Small hydropower plants are often built on existing water stages. Electricity produced at these power plants is used to meet local needs. There are currently more than 550 SHPPs in operation with a total capacity of more than 35 MW. The largest number of Seagulls work in the northern provinces (about 110 in the area of the Olsztyn Power Plant and about. 90 in the Gdansk Power Plant area, as well as in Jeleniogórskie and Podkarpackie.

The Polish government supports renewable energy production in various ways:

  • Investment incentives for renewable energy producers (color-coded certificate system),
  • Energy companies involved in the marketing and sale of electricity are required by law to purchase energy from RES,
  • Renewable energy producers have priority access to the transmission grid,
  • Electricity from a renewable source is exempt from excise taxes,
  • The grid connection fee for small installations (<5 MW) is reduced by 50%.
  • Investments in clean energy can be co-financed by the Environmental Protection and Water Management Fund.

Small hydropower facilities are effective in helping to combat drought, and their importance to Poland’s power grids lies not only in the storage of energy, but primarily in the rapid delivery of energy locally to end users from small, distributed and emission-free sources built by small entrepreneurs using equipment made in Poland.

A wind power plant is a set of equipment, the most important of which is the wind turbine, commonly known as a windmill. The kinetic energy of air movement is converted in the blades of the wind turbine into mechanical energy of the rotating rotor. Transferred to the generator via gears, the wind energy is eventually transformed into electricity. The power of the current depends on the wind speed and the size of the turbine.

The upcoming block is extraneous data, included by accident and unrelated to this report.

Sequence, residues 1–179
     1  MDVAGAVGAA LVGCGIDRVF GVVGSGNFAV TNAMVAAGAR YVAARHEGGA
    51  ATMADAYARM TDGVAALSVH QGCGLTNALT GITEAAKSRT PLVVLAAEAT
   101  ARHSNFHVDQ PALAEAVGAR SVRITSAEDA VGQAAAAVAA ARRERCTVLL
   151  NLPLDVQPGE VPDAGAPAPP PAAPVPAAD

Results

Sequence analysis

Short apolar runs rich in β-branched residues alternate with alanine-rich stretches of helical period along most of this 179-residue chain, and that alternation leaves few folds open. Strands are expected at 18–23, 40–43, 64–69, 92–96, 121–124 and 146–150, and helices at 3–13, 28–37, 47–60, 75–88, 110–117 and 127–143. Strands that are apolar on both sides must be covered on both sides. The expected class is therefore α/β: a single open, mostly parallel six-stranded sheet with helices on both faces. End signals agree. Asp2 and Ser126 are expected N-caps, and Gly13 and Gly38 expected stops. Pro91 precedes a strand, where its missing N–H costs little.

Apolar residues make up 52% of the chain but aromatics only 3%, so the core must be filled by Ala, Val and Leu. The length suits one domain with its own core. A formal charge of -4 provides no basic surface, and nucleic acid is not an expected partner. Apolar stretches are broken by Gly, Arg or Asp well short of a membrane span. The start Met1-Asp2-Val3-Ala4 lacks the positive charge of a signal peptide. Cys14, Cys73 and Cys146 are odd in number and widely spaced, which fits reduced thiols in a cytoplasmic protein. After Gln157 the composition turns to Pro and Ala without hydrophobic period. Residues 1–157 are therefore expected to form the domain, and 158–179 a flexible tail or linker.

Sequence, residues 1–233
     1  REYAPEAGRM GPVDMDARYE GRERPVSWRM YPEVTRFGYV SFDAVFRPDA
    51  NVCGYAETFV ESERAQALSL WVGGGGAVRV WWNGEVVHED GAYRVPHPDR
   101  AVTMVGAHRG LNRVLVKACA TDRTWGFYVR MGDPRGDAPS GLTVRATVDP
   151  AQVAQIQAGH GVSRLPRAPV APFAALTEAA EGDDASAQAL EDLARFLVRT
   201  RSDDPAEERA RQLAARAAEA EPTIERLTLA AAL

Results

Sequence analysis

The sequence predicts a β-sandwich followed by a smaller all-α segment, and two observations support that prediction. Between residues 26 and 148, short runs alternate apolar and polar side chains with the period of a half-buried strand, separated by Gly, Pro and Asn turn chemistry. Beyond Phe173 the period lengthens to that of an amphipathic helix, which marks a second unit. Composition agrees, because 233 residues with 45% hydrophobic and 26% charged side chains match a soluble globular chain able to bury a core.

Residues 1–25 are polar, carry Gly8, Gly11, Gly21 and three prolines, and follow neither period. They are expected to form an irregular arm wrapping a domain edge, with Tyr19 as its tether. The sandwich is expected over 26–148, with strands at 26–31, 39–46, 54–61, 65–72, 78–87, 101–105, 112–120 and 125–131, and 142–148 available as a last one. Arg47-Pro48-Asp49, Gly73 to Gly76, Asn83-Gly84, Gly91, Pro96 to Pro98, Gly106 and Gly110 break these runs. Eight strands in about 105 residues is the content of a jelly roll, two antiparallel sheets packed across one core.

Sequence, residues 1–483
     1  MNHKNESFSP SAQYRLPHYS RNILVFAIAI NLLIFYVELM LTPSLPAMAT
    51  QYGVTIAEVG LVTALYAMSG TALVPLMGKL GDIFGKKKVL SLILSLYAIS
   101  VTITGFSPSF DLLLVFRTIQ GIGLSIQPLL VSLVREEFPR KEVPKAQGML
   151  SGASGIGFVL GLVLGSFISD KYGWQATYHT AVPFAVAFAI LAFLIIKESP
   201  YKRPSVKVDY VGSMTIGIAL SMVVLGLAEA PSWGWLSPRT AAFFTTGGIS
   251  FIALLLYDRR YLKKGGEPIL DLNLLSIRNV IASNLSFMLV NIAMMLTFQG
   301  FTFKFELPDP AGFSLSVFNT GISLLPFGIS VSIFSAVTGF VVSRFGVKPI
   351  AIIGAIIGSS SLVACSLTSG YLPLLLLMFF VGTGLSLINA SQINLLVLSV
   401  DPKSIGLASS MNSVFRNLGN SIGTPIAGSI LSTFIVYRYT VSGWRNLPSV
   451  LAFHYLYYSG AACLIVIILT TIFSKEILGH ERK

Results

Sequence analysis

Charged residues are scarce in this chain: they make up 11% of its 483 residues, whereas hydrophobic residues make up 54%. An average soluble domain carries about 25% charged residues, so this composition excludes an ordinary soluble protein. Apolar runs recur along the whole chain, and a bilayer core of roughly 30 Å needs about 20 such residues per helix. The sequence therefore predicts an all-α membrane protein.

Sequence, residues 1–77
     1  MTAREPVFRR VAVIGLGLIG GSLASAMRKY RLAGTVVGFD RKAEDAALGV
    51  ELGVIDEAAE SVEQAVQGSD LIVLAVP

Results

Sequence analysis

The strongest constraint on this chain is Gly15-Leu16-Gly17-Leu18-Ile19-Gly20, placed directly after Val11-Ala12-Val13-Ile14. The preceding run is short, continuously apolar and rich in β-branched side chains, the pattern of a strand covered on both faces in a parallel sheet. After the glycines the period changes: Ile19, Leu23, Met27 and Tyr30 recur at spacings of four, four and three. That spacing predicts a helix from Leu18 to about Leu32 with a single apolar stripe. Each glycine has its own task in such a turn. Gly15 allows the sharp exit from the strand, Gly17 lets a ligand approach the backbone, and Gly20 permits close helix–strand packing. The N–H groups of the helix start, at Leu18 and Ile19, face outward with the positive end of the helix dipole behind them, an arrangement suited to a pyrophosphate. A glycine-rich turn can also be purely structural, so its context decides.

A home wind power plant is a way to become partially independent of the power grid. Although it won’t work everywhere, in many places in Poland it can be effective in reducing electricity bills. How does a domestic wind turbine work? The scheme is always the same, no matter what power plant you decide on. Occurring gusts of wind set the rotor blades in motion. This causes the turbine to move, which transfers the energy further to the generator. The generator, on the other hand, converts wind energy into electricity.

The construction of a wind park, like any venture, only makes sense if the installed equipment will work efficiently. In the case of wind turbines, the reason for the success or failure of an investment is mainly due to wind conditions, that is, in practice, the location of the equipment’s foundation. To get 1 MW of power, a wind turbine rotor should have a diameter of about 50 meters. Since a large conventional power plant has a capacity of up to 1 GW, i.e. 1000 MW, then its replacement would theoretically require the use of approx. 1,000 such wind generators. In fact, wind turbines operate approx. 1500-2000 hours per year, i.e. three times shorter than conventional and nuclear power plants. Thus, to produce as much electricity as one large classical power plant, it takes approx. 3,000 wind power plants with a capacity of 1 MW.

Surveys carried out in the European Union countries where wind power is most developed indicate that public support for this type of installation is more than 70% and is growing every year. The ratio is even higher in areas where many such devices are installed.